Daniel and Adam decided to do theatre for young people “who don’t get the opportunity to see theatre designed for them”. They asked me to be in it as an actor. At the beginning of rehearsals it was clear music was needed but there wasn’t anybody to do it. I said I can write a couple of songs and see what happens. Now writing shows with them is a major part of my year and I love it.


Q: Why are the creative arts so important?

Theatre has been everything to me. It’s given me my social life, my work life, ambition, drive, satisfaction. Everything you could want from a job. People I know that aren’t involved in the arts now, are really brilliant at their jobs and a lot of that is due to the confidence they gained from doing drama classes. The Garage is a great example of [using the arts to] educate young people, [to give them] opportunities, and drive. Governmental funding so there is access for everybody to be able to express themselves in an artistic way is vital in my opinion.

Q: A career in the arts isn’t easy?

It’s challenging regardless of what you do. It’s a lot of rejection, frustration, feeling inadequate. Sometimes things don’t live up to expectations. I’ve been very lucky to have more successes than I have had challenges. That I recognise is luck. Having enough strings to my bow so that I’m employable. Early on the rejection was tricky. Of course I get disappointed if I’ve worked and wanted something, but I’ve learnt how to deal with that in a healthy, positive way. Any of the challenges you face are often for the right reasons.

Q: Who or what inspires you?

There’s a few people I admire. Daniel Mays and Ben Whishaw as an actor. In terms of theatre music I love Benji BowerSally Cookson… I couldn’t start any process without looking for inspiration in all sorts of different places whether that’s writing, or art or music.  We’re blessed, currently content-wise.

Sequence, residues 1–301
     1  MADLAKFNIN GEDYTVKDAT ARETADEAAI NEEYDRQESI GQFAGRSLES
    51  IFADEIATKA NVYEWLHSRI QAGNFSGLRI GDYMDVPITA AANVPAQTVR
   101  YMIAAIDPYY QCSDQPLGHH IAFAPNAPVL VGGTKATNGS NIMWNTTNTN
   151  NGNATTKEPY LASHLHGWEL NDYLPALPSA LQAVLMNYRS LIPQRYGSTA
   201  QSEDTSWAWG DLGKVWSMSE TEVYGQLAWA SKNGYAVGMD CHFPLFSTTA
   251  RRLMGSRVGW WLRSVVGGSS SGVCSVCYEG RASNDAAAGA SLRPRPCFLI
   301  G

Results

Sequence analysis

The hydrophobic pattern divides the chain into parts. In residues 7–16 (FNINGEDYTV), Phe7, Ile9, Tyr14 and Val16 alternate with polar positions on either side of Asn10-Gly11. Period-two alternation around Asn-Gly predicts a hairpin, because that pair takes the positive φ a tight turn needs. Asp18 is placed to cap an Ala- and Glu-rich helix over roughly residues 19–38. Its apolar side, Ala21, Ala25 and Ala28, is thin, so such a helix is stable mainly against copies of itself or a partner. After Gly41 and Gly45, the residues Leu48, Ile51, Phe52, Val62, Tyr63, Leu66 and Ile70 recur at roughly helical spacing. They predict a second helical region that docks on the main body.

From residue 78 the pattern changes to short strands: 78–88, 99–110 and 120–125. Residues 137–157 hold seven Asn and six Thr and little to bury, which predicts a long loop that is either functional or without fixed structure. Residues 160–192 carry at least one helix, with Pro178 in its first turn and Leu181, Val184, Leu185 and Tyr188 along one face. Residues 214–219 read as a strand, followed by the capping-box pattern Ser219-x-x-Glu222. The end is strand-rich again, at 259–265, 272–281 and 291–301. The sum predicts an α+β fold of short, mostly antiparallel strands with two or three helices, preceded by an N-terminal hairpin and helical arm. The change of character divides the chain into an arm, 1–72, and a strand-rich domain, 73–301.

Q: Do you love writing or love having written?

I like the writing [part of the process]. The thing I enjoy less is physically writing down. I’ll record something quickly with just me playing most of the instruments. Then half the time is me going back trying to work out what I meant and laboriously writing out music or vocal lines for the performers. It’s all a luxury to be able to do [all this] though.

Q: What keeps you coming back to The Garage and All-In Productions?

I enjoy the process. I enjoy working with people who are colleagues and friends. As an ambassador for The Garage I’m passionate about making sure it has support from people working in the industry and I’m happy to contribute to that. It’s the only time I’m on the other side of the table from being onstage and I like that challenge.

Q: Two shows over Christmas and New Year?

We were trying to be more bespoke in what we offer to multiple age groups. Operation: Save Santa’s music was quite synth-based. I was watching a lot of Stranger Things at the time. My First: Into The Snow Globe was for younger children so the music was very fun.

Q: Have you ever had an embarrassing or funny experience on stage?

I fell off the back of the stage in a version of Faust. I was meant to be suave and cool which is not something I particularly am, so was trying very hard. At one point in Wuthering Heights, the characters meant to be my children are played by puppets. I tried to give a puppet’s hand a high five but missed and slapped it in the face.

We have more than shows here. In case you missed it, our spring term of classes began today. You can find out more about those here.

If you’re considering a career in the creative arts like Lloyd, you can find out more about our HNC Programme in Performing Arts and our GCSE Dance and GCSE Drama courses here

Our friendly front of house team are happy to answer any questions. Give them a call on 01603 283382 or email